WRESTLING NEWS
Tag Team Partners Who Genuinely Hated Each Other
By ROBERT CORNAL
Initially rivals, Hulk Hogan and "Macho Man" Randy Savage joined forces in 1987 as The Mega Powers, but Savage and Hogan's relationship was tumultuous. Despite accusations of ruining marriages and diss tracks, Hogan got emotional, saying that the two reconciled a few months before Savage died from a heart attack and that he was a "great person."
Hogan and Savage
Former classmates Mitsuharu Misawa and Toshiaki Kawada were known as two of AJPW's Four Pillars of Heaven before teaming up as Super Generation Army, but Kawada was always second to Misawa's stardom. Tensions mounted as the two could not share a locker room, leading to a backstage altercation with Kawada coming out on top.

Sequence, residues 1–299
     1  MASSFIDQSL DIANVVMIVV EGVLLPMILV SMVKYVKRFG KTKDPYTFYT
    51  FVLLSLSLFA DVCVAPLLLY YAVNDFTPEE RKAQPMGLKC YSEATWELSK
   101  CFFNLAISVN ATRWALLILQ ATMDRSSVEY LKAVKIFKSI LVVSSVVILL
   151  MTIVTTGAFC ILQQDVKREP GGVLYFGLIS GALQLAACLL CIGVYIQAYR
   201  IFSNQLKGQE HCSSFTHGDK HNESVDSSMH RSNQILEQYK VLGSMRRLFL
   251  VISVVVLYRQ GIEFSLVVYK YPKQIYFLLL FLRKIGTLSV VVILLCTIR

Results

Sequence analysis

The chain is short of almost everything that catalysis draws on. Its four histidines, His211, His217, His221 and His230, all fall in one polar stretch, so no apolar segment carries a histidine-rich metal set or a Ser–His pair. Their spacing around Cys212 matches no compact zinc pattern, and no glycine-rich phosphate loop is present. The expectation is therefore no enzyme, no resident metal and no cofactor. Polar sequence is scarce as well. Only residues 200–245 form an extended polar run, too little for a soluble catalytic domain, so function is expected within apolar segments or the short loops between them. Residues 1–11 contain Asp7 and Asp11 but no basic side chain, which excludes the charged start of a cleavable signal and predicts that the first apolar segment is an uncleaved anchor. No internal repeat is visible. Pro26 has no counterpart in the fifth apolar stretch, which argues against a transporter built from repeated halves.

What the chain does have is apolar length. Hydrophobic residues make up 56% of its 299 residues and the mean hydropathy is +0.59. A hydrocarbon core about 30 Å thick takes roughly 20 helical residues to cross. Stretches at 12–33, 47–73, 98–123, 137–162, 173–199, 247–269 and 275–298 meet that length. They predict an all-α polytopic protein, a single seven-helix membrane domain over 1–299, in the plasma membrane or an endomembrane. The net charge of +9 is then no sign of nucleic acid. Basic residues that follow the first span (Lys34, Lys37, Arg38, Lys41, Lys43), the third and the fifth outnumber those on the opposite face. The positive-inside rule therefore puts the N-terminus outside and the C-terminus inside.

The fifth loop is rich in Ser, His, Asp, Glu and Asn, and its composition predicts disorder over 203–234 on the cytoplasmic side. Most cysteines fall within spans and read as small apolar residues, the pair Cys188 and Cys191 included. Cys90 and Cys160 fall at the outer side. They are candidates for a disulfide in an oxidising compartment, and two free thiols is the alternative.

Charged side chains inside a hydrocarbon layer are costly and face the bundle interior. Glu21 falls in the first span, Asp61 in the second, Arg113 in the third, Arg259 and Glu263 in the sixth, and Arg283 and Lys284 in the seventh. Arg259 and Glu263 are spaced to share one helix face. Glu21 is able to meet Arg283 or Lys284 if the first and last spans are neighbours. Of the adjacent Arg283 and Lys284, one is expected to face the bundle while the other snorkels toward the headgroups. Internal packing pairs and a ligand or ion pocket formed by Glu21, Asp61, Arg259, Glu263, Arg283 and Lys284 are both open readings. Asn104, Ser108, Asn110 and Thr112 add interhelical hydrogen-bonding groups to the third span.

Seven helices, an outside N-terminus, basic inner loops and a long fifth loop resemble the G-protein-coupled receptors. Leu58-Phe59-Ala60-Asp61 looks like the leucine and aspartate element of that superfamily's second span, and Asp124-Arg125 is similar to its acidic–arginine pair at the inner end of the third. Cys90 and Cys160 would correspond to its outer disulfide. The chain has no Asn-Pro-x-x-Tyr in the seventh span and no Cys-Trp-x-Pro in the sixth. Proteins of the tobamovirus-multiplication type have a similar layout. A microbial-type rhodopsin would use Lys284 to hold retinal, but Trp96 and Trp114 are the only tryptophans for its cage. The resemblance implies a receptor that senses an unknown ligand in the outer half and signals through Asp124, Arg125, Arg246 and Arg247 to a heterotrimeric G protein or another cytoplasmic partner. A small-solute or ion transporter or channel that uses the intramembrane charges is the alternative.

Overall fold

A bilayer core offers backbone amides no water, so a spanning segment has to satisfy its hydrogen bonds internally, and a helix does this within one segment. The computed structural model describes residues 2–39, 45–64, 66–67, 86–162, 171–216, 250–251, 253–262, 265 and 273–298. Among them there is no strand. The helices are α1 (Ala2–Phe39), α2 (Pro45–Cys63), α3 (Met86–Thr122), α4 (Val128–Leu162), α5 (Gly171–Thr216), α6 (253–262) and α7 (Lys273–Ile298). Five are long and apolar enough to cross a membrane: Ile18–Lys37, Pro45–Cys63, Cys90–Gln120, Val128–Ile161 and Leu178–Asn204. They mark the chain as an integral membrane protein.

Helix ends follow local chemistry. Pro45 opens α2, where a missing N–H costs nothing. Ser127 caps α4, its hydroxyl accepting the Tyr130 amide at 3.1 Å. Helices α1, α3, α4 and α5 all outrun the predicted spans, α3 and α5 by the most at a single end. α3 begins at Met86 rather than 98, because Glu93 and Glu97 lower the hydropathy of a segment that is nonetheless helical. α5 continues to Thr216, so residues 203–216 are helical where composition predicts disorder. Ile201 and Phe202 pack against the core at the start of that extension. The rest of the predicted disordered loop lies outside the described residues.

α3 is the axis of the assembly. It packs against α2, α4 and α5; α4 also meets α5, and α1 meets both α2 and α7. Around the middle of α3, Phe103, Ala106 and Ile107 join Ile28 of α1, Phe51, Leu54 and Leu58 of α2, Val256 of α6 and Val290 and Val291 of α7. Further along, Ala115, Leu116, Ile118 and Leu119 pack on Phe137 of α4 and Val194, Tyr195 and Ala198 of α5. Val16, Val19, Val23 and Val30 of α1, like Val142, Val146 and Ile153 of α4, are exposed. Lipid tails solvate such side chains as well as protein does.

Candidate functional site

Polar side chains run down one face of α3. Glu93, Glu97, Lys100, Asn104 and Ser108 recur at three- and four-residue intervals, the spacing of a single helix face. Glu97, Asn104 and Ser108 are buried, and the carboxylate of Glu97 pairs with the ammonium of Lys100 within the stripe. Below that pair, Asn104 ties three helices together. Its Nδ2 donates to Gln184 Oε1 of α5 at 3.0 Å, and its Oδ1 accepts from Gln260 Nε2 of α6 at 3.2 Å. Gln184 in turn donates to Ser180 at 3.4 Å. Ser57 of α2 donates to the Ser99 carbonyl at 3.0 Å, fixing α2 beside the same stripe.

Kawada and Misawa
Marty Jannetty and Shawn Michaels joined the WWF as The Rockers, but their relationship was uncomfortable and even led to a physical altercation. Michaels claims Jannetty negotiated on the team's behalf as he felt they were underpaid, and while Jannetty wanted to leave, Michaels intended on staying, even if it meant going solo.
Jannetty and Michaels
The British Bulldogs, David Smith and Tom Billington, were among the best tag teams of all time, but Smith left to become a solo star in the WWF, taking the trademark to the team name with him. In his 1999 autobiography "Pure Dynamite," Billington wrote, "I haven't spoken to Davey Boy Smith in over eight years, and probably never will again."
Dynamite Kid and Davey Boy
As The Soul Patrol, Rocky Johnson and Tony Atlas became the first World Tag Team Champions of African American descent in WWF history. In a shoot interview with The Hannibal TV, Atlas claimed they were never friends as Johnson would leave him at hotels on the road, and they got into a fistfight before losing the tag titles.
Atlas and Johnson